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[1] Oxygen and carbon isotopic data were produced on the benthic foraminiferal taxa Cibicidoides and Planulina from 25 new piston cores, gravity cores, and multicores from the Brazil margin. The cores span water depths from about 400 to 3000 m and intersect the major water masses in this region. These new data fill a critical gap in the South Atlantic Ocean(More)
Northern Hemisphere surface temperature reconstructions suggest that the late twentieth century was warmer than any other time during the past 500 years and possibly any time during the past 1,300 years (refs 1, 2). These temperature reconstructions are based largely on terrestrial records from extra-tropical or high-elevation sites; however, global average(More)
Holocene and glacial carbon isotope data of benthic foraminifera from shallow to mid-depth cores from the northeastern subpolar Atlantic show that this region was strongly stratified, with carbon-13-enriched glacial North Atlantic intermediate water (GNAIW) overlying carbon-13-depleted Southern Ocean water (SOW). The data suggest that GNAIW originated north(More)
[1] Benthic foraminiferal d 13 C and Cd/Ca studies suggest that deep Atlantic circulation during the Last Glacial Maximum was very different from today, with high-nutrient (low d 13 C, high Cd) deep Southern Ocean Water (SOW) penetrating far into the North Atlantic. However, if some glacial d 13 C values are biased by productivity artifacts and/or air-sea(More)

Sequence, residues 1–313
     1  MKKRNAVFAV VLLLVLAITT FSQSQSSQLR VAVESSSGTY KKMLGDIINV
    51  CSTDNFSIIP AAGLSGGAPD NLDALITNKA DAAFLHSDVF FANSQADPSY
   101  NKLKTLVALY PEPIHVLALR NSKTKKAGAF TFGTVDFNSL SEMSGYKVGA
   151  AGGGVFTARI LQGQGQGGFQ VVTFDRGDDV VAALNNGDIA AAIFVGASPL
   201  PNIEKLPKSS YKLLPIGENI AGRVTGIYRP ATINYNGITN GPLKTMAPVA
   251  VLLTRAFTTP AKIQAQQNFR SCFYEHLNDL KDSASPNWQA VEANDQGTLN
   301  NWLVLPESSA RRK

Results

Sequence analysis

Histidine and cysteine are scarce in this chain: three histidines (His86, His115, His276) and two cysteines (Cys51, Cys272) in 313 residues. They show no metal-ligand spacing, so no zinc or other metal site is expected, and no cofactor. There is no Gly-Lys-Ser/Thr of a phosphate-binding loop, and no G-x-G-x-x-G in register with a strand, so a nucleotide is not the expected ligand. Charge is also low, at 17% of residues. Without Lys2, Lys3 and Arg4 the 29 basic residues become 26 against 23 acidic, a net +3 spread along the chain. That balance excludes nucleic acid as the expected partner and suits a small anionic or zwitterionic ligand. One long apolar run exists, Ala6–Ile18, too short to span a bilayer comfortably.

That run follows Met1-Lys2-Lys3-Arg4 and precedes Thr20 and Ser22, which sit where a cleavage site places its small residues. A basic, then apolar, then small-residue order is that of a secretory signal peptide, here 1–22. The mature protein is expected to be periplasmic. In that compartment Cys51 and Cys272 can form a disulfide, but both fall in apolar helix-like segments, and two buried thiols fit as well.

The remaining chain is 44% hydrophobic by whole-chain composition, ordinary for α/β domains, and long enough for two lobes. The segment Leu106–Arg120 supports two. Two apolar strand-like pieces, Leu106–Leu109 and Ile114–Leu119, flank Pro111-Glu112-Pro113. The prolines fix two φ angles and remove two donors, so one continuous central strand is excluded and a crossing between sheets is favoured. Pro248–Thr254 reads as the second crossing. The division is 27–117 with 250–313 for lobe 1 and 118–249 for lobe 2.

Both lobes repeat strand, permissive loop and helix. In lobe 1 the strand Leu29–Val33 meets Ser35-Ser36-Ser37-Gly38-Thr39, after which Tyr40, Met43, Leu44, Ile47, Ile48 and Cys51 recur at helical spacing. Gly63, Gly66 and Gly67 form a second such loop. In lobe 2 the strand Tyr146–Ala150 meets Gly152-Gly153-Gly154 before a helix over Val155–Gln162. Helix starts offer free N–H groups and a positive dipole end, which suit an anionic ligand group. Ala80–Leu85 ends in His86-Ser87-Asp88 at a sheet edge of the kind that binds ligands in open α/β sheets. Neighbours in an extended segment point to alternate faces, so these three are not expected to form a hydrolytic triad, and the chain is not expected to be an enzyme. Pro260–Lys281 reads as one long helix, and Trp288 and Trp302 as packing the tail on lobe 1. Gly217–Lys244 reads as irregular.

The relative importance of north-south migrations of the intertropical convergence zone (ITCZ) versus El Niño-Southern Oscillation and its associated Pacific Walker Circulation (PWC) variability for past hydrological change in the western tropical Pacific is unclear. Here we show that north-south ITCZ migration was not the only mechanism of tropical Pacific(More)
The response of the tropical climate in the Indian Ocean realm to abrupt climate change events in the North Atlantic Ocean is contentious. Repositioning of the intertropical convergence zone is thought to have been responsible for changes in tropical hydroclimate during North Atlantic cold spells, but the dearth of high-resolution records outside the(More)
Observed increases in ocean heat content (OHC) and temperature are robust indicators of global warming during the past several decades. We used high-resolution proxy records from sediment cores to extend these observations in the Pacific 10,000 years beyond the instrumental record. We show that water masses linked to North Pacific and Antarctic intermediate(More)
[1] We present a high-resolution climate record from a sediment core spanning an 80-kyr interval of time during the mid-Pliocene epoch, when warmer conditions and lower global ice volume prevailed worldwide. Oxygen and carbon isotope analyses were made on benthic and planktonic foraminifera from ODP Site 981 in the North Atlantic. The amplitude and(More)